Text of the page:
June 12, 2013
Photographs: Painted Gardens, Part 2—The Ludington Estate
by Carolyn Wakeman
Feature Photo (above): Edna Leighton Tyler, Katharine Ludington in her garden, 1925. LHSA
The gardens that surrounded Old Lyme’s Meetinghouse for more than a century trace the changing needs, tastes, and financial circumstances of a prominent local family. A series of images taken in 1925 by photographer Edna Leighton Tyler (1879–1970) captures the sweeping lawns and luxuriant flowerbeds on Katharine Ludington’s estate. But the land behind her elegant Colonial Revival home had once served more practical uses.
Grandmother Noyes’ Gardens
Phoebe Griffin Noyes, Portrait of Her Children, ca. 1845. Photocopy courtesy Ludington Family Collection
Phoebe Griffin Noyes (1797–1875) provides the earliest view of the grounds that her son-in-law Charles H. Ludington (1825–1910), a wealthy New York businessman, would later transform into a fashionable summer residence. For a group portrait of her five children painted ca. 1845, she chose as backdrop the well near the side door of her century-old home and included the fenced rear field.
But having studied miniature portrait painting in New York for a decade, Mrs. Noyes chose to embellish the landscape in accordance with the fashion of her day. An imagined river scene “improved” the ordinary details of her dooryard. “Grandmother has ‘arranged’ her composition somewhat by bringing the Connecticut River into the picture,” Katharine Ludington (1869–1953) wrote in an affectionate family memoir privately published in 1928.
Charles Ludington house, ca. 1890. Courtesy First Congregational Church of Old Lyme
Edna Leighton Tyler, Charles Ludington house, 1925. LHSA
Miss Ludington’s account Lyme—and Our Family details the transition from what had been ”a kind of farm” in her grandfather’s day to the stylish country “place” that her father designed. “What is now the south lawn was a flower garden, with a fence around it,” Katharine recalled. “Where the ‘circle’ now is, the old barn stood, with orchards to the right and left of it. . . .The present upper garden was then a mixture of fruit, vegetables and flowers.”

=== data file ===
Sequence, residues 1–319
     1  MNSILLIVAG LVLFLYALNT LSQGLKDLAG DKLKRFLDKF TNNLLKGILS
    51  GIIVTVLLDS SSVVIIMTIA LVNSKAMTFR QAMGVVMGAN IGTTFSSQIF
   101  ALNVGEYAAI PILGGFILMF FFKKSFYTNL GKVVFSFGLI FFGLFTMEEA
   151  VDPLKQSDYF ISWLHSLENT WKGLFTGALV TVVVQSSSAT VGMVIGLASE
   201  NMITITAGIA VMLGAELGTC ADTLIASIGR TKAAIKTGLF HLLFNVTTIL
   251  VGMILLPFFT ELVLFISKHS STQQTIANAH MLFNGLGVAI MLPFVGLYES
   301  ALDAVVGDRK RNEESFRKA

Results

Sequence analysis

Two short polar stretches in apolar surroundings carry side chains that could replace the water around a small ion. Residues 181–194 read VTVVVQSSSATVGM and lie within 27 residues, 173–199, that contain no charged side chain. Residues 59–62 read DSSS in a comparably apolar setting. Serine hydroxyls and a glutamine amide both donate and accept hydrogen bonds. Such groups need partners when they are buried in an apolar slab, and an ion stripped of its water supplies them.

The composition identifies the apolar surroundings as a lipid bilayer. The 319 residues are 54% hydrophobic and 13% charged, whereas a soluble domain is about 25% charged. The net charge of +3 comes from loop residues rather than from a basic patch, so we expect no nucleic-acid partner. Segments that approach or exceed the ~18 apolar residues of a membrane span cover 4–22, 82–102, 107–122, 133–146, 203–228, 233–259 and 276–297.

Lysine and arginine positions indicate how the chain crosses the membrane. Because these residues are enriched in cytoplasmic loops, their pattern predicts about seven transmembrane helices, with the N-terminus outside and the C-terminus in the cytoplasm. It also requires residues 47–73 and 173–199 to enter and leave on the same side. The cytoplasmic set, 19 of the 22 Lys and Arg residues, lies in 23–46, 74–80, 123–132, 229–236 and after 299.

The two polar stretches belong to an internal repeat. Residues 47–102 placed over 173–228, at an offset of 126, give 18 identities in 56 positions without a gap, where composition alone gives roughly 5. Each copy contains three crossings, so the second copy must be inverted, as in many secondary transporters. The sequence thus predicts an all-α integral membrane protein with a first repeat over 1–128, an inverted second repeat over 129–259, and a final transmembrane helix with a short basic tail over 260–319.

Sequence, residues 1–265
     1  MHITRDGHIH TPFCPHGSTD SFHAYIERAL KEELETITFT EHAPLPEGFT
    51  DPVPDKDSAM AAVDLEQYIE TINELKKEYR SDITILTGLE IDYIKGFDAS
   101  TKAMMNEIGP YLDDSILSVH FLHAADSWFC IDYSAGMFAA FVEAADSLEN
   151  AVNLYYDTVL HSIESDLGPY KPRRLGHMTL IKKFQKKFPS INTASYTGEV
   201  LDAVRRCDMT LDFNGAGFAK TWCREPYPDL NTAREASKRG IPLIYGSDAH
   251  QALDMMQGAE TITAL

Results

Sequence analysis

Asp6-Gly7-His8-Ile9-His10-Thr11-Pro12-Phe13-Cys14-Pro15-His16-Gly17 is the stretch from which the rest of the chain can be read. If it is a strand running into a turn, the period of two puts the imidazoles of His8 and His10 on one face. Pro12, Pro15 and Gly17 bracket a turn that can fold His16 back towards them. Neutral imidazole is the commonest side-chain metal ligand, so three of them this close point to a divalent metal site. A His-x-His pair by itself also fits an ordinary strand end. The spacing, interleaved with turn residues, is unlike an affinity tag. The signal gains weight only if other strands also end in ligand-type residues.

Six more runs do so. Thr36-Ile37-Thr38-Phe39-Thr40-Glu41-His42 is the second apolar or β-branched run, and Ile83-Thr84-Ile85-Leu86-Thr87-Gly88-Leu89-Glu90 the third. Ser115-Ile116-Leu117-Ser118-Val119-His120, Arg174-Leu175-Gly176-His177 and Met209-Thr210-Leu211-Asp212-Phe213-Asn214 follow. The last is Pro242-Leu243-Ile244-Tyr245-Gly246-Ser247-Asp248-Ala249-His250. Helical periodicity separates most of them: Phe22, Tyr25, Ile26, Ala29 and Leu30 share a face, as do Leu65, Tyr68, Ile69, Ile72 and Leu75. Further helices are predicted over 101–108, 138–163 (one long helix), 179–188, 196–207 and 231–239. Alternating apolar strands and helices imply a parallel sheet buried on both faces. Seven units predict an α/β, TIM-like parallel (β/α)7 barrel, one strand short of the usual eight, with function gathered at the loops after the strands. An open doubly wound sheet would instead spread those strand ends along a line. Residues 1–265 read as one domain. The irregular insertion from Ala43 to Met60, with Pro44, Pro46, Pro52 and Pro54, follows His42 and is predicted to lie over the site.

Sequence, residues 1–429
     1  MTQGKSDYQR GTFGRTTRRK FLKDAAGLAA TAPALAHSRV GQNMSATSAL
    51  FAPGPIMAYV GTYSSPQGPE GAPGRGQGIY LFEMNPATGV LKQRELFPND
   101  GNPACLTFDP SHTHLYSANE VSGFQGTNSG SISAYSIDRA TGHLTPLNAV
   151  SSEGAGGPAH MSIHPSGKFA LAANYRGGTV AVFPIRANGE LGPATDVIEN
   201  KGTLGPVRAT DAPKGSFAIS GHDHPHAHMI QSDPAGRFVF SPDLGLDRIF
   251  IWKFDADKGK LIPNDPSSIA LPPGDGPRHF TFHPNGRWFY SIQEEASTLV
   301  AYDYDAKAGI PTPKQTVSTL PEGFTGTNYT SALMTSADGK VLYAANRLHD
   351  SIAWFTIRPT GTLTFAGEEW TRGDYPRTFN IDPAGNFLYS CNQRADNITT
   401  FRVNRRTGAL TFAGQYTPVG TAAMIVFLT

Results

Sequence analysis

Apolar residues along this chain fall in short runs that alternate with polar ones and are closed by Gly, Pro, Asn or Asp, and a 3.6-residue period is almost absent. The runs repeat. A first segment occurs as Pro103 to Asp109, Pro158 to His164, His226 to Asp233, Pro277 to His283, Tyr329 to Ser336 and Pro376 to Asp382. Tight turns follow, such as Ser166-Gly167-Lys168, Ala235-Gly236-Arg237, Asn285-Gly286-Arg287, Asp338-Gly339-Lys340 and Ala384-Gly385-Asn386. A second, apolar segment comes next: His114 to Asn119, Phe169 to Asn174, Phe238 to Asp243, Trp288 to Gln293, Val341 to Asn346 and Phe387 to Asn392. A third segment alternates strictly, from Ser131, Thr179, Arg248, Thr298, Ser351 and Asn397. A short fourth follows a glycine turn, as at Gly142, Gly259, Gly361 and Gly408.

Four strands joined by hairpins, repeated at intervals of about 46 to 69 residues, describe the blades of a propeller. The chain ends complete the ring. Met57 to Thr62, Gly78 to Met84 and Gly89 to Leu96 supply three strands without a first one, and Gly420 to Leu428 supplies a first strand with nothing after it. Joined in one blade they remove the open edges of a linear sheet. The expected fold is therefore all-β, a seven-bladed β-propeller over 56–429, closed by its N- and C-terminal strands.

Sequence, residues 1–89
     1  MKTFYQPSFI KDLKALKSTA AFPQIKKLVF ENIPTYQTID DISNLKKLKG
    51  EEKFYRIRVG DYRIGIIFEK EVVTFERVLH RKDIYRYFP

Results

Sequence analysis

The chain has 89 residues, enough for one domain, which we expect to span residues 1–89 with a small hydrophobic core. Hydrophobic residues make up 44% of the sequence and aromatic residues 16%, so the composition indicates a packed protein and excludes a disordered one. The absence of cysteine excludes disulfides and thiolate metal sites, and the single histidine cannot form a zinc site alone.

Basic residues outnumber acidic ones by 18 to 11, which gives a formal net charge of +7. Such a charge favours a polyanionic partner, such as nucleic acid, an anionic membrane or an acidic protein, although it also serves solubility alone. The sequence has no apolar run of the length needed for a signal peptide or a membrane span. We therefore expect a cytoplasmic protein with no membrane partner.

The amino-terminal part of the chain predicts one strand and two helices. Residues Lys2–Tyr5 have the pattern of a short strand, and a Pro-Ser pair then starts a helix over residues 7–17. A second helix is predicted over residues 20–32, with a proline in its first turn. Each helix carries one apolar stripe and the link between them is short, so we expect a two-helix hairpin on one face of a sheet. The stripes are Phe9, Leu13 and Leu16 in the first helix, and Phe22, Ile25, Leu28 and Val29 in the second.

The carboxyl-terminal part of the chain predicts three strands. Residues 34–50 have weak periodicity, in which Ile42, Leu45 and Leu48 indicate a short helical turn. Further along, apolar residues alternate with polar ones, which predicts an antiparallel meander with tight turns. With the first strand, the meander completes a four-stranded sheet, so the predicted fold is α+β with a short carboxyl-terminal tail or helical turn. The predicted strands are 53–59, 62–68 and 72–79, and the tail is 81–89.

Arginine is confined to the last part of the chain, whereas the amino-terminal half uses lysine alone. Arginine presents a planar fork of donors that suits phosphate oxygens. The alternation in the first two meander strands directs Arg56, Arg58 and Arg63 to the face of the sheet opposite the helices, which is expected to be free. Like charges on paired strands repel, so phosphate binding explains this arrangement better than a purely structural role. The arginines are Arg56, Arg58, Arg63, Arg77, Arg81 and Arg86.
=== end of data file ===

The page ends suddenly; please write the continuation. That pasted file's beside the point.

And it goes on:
Daniel Rogers Noyes (1793–1877) did many of the farm chores himself, planting peas and potatoes, feeding the pigs, cows, and chickens, or pruning the orchards when he was not at work in his general store across the street. Family letters remarked on the quality of his pear crop in autumn and the peach pickles, apple jelly, and quince marmalade that Grandmother Noyes had “put away.” From a young age their daughters tended garden plots of their own. “The flowers in our garden are most of them in blossom,” Julia Noyes (1883-1885), age ten, wrote to her older sister in 1843. “I planted all my seeds as much as a month ago and most all of them have come up.”
George Henry Yewell, Phoebe Griffin Noyes (detail), ca. 1898.
Katharine recalled from childhood the ice house, the smoke house, the grape arbor, and the “small trellis covered with Virginia Creeper” outside the front door. But what lingered most vividly in her memory was the “smell of flowers and outdoor things that came in through the windows—lilacs, syringa blossoms, the smoke tree in the corner of the front yard, honeysuckle, hay.” Her attachment to Lyme derived in no small part from fond memories of her grandmother’s garden, which “had flowers and many flowering shrubs, and there were beds either side of the path to the front door, with box bushes, bleeding heart, wygelia and other favorites.”
Charles H. Ludington’s Grounds
“Strawberries—Soil, Culture, and Varieties,” The Horticulturist, July 1867